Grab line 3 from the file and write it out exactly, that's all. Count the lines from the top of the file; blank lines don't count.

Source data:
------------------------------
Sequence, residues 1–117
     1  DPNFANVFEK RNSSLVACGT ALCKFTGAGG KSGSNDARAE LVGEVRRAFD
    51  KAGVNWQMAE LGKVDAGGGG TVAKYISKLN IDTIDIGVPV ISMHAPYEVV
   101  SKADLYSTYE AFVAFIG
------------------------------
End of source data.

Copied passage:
    51  KAGVNWQMAE LGKVDAGGGG TVAKYISKLN IDTIDIGVPV ISMHAPYEVV